Natchitoches, LA Shamrock Tour®: The Heart of Creole Country

Text: Caleb McInturff • Photography: Marisa McInturff

Founded in 1714 on the banks of what was then the Red River, Natchitoches, LA, is named after a Native American tribe that lived in the area. It is the oldest European settlement of the 1803 Louisiana Purchase territory. People flocked to the area, but eventually the river changed course, cutting Natchitoches off from the lucrative Mississippi River. The town adapted to this, as well as many other changes since its establishment. With Native American, French, Spanish, African American, Creole, and Anglo influences, the city’s cultural mixture is diverse, to say the least. This sounded like a perfect place for a Shamrock Tour®, so Marisa and I are taking a ride down the Natchez Trace Parkway from our home in Tennessee and then west to Natchitoches in search of American history, Cajun cuisine, and great riding.

Longleaf Trail

Our alarm sounds early. We pack a to-go breakfast from the hotel and hit the road in hopes of avoiding the stifling afternoon heat. Summer is still running full steam as August rolls into September, and the humid Louisiana days are long and hot. I’m riding my KTM 990 Adventure, and Marisa is astride her KTM 950 Adventure. The buildings age as we ride toward Natchitoches’ historic, brick-paved Front Street on our machines, which seem to have become capable of time travel. Front Street runs beside Cane River Lake, the 33-mile-long river-shaped lake that was formed when the Red River changed course around 1835. Unlike so many other downtown areas in the United States today, in downtown Natchitoches the shops, restaurants, and other establishments are open for business, or at least they will be soon.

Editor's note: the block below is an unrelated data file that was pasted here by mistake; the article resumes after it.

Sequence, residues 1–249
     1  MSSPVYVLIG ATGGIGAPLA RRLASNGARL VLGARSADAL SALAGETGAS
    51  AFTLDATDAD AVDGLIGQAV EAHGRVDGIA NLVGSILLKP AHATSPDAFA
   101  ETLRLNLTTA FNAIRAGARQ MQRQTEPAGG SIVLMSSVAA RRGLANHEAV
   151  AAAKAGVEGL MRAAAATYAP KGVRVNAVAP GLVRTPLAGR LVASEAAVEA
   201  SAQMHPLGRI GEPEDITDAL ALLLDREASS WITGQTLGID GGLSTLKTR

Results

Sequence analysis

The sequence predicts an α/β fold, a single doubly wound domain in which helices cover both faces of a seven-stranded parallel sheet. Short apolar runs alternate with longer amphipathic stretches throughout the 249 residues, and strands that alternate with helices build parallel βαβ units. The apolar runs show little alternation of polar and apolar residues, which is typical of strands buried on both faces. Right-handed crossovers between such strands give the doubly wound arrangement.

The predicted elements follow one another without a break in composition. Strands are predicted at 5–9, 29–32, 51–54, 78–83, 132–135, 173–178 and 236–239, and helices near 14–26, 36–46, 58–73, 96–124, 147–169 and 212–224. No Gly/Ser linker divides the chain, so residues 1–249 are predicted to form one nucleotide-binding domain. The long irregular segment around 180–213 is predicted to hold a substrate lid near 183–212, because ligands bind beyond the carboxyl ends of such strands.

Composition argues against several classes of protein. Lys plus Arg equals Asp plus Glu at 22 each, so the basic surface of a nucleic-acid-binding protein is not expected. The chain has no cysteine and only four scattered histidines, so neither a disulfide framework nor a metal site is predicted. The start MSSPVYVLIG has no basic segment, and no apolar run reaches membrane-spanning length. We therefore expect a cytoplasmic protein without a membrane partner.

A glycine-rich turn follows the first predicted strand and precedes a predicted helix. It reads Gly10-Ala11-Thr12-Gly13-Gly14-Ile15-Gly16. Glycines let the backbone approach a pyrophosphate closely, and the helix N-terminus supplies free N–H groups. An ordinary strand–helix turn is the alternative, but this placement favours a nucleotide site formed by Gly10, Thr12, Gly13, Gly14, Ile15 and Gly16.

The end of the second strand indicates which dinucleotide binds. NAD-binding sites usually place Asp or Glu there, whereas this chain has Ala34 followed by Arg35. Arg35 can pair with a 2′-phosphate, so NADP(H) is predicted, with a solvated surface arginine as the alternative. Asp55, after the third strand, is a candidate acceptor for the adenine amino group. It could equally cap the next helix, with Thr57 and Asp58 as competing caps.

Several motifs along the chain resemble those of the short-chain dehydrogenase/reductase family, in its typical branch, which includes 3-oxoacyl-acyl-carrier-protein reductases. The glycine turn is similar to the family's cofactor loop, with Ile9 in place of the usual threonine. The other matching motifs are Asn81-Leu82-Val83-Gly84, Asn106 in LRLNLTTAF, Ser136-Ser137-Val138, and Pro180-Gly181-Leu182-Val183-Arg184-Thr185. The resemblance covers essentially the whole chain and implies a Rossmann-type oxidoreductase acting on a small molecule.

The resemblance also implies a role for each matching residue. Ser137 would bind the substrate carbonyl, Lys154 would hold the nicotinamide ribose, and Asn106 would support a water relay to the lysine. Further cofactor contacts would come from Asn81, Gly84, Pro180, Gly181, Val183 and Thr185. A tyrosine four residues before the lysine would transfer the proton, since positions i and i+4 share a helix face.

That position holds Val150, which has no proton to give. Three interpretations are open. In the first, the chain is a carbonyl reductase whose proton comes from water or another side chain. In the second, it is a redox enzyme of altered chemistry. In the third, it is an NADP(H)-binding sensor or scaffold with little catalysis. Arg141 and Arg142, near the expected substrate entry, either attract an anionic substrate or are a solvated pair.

Early in the morning, Front Street is still and quiet, a substantial departure from the bustle that will take over in an hour or so. The Roque House and gardens next to the water make a perfect setting for a quick breakfast picnic before we get on LA 6 and head north toward the Grand Ecore Visitor Center. After a look around the visitor center, we ride to the southeast, following the Red River.

Traffic is nonexistent as we turn right onto Parish Road 830, the Longleaf Trail Scenic Byway. We seem to have the whole forest to ourselves. The road tightens just as we head deeper into the Kisatchie National Forest. The hot summer air is saturated with the aroma of the longleaf pine trees; the open, sweeping curves and gentle undulations of the road are the perfect complements to the ocean of evergreens that has risen up around us. The Longleaf Vista Recreation Area is a great place for a water break, and again we have the whole place to ourselves. We quietly take in the view from a picnic table in the shade.

At this point, it would simply be too much to bear to ride past any more of these nicely groomed dirt roads. We determine that we’re well ahead of schedule for the day and decide to explore some more of the forest before we head back to the hotel. Our need for exploration is slowly alleviated as we zigzag our way around the national forest’s dirt roads. In heat like this, it’s easy to slightly lose focus as you ride along the forest floor, but pockets of churned-up sand and loose dirt keep us laser-focused as we traverse the sea of pines. 

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For the complete touring article, including facts & information, map(s), and GPS files, please purchase the November/December 2019 back issue.